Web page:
To some extent newcomers in any profession feel a little bit the same way that you do, but most professions don’t make such a big deal of it as we do. Partly this is because the very nature of academia is such that you have just been thrown into a big pool of competitive and arrogant individuals who are trying to convince the world that they are brilliant and who are trying to climb their greasy pole by seeming more brilliant than their “colleagues”. Sometimes even senior academics ease their own self-doubt by making sure they look better than their junior colleagues.  Partly imposter syndrome is worse for us because in academia the new recruits don’t just come in off the street, they convert directly from the ranks: from “the other side of the lectern”. Suddenly you go almost overnight from being a student to being a teacher. Of course you won’t feel confident right away. Of course there will be lots of things for you to learn. Of course lots of things will go wrong and make you feel inadequate. Don’t worry, this is what academic life is like. And it will always be like this, for your whole career, because you will always be able to find colleagues who are, indeed, genuinely brilliant. We can all have our heroes and heroines, but we don’t have to feel inadequate because we are not them.

You are not an imposter; you are just discovering the self doubt that is part of the territory of academic life. If you stare it in the face and turn it to your advantage it will not feel like a problem. If you are an imposter then we all are, which means that you are no less worthy than anyone else to get on with it and do your best.

So here is a longer list of tips for young academics suffering from imposter syndrome:

  1. Get used to it: it comes with the territory. Most good academics get this feeling.
  2. Turn it into a positive: use it to encourage reflection and development.
  3. Realise that you are actually not an imposter: you have strength and merit.
  4. Make a list of all your qualifications and strengths: recognise your virtues.
  5. Talk to senior academics and discover that they feel the same way.
  6. Talk to other young academics and discover you are all in the same boat.
  7. Helping others with their worry about this will help you with yours. Hold a workshop.
  8. You do not have to know everything, and it’s OK to say so when you don’t.
  9. It’s OK to learn on the job and to be on a learning curve.
  10. Keep asking for help and advice, keep learning, keep developing your craft.
  11. Never use “being an imposter” as an excuse for not being your best.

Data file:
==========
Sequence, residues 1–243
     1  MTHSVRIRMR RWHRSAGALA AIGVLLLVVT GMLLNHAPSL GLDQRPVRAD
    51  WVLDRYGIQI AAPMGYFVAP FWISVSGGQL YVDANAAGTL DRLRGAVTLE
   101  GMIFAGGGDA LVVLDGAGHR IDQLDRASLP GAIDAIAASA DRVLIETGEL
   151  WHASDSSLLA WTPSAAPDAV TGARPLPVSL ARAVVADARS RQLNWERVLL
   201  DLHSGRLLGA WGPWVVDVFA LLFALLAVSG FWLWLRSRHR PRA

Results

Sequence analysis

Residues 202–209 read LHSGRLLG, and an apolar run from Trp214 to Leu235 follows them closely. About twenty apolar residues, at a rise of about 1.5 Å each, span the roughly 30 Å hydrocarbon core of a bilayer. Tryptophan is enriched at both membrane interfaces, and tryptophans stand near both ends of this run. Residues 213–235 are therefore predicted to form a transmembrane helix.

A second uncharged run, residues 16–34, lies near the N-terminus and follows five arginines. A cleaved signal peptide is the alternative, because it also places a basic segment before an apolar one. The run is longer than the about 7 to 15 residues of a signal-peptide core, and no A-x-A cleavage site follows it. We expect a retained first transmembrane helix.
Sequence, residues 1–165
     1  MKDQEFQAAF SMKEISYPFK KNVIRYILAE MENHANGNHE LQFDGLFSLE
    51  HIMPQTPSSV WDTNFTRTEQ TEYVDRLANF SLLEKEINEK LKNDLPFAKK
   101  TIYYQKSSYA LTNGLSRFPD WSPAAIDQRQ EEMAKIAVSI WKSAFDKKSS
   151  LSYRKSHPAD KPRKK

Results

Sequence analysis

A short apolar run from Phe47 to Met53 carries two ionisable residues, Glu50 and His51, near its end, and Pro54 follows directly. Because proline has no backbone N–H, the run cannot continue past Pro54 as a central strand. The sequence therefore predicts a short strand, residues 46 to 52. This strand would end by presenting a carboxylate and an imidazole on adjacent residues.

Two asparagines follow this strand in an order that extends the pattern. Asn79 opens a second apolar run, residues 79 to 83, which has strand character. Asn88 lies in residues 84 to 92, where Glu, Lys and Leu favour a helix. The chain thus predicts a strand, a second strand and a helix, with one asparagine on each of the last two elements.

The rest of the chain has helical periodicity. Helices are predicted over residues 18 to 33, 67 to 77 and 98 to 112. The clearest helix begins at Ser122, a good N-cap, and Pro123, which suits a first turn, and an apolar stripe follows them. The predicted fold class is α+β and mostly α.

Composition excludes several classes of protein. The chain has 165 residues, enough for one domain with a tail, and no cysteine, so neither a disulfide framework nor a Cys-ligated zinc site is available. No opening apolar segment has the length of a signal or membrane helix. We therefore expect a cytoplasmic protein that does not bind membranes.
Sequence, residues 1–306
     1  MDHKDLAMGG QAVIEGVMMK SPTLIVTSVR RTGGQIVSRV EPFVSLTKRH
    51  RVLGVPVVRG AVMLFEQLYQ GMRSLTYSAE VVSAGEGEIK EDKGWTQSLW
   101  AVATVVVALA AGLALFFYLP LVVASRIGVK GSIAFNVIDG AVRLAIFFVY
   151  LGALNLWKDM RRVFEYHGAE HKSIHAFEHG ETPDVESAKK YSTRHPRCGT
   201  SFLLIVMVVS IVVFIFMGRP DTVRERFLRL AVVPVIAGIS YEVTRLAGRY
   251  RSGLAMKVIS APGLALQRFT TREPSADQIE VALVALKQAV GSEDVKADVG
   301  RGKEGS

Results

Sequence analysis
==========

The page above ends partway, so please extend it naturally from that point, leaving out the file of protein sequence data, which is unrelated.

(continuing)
12. Throughout your career a lot of people have looked at your CV and your achievements and have moved you up the ladder. Even if you have an unconventional background, or even if you are still learning the ropes, and even though – like all of us – you have a lot to learn, that does not make you an imposter. It just makes you one of us. Welcome to academia.

Partly because imposter syndrome has been openly identified and so widely discussed, more and more young academics are saying that they feel this way. In reality, there seem to be two completely separate levels of imposter syndrome. At one level, and by far the most common, I see young academics coming to terms with a challenging new career and attaching this label to their own poorly-defined portfolio of unease. At another level, and much less common, are those people for whom academic imposter syndrome is part of a broader problem of panic and anxiety issues. For this latter group, of course, I really would be an imposter if I tried to offer advice other than “seek professional advice”.

For the former group, those young academics who have picked up the idea of imposter syndrome as a neat way of defining their early-career status, I worry that in dignifying the notion with a fancy name they will allow it define them. For you I have one final piece of advice. If you have picked up the idea of imposter syndrome when in reality you are just a young academic getting started in a challenging career, just put it down again, and let it go. You are not an imposter. Don’t get a syndrome.

Bucket Lists

I’ve encountered all sorts of people lately who have made themselves a bucket list. Some of them think their time is running short and so they have made a list of things to do in the time that is left. Others are just organising their goals and plans and trying to make sure that life doesn’t pass them by while they are waiting for it to arrive.

But whatever the motivation, most of the lists I see are all very much the same. They are filled with big adventures and extravagant journeys. See sunrise at Machu Picchu. Sky dive from a balloon. Eat this extraordinary food. Swim with that extraordinary fish. Some are philanthropic, raising money for good causes. Some are the culmination of a lifelong personal dream. Some are made up on the spur of the moment when faced with the challenge of making a list. But the list is nearly always a list of things the person wants to do before they go. I’m not sure I’ve ever seen a bucket list of things that a person wants to become before they go. I’ve seen lists of things that people want to achieve, or acquire, but never a list of things that we want to let go. I’ve seen lists of grand, magnificent, daunting things, but never a list of small things.

Is that how we see the measure of ourselves – in the big things that we have done? In the places we have been? In our adventures? Yes. Perhaps we do. But in the end, will we say “look – here is what I have done”? Or will we say: “look – here is what I have become”?


1. There are no rules of writing.

2. If you want there to be rules for writing, that’s ok. You can make some up.

3. If you follow rule 2, you must delete rule 1.

4. If you delete rule 1, you’re on your own.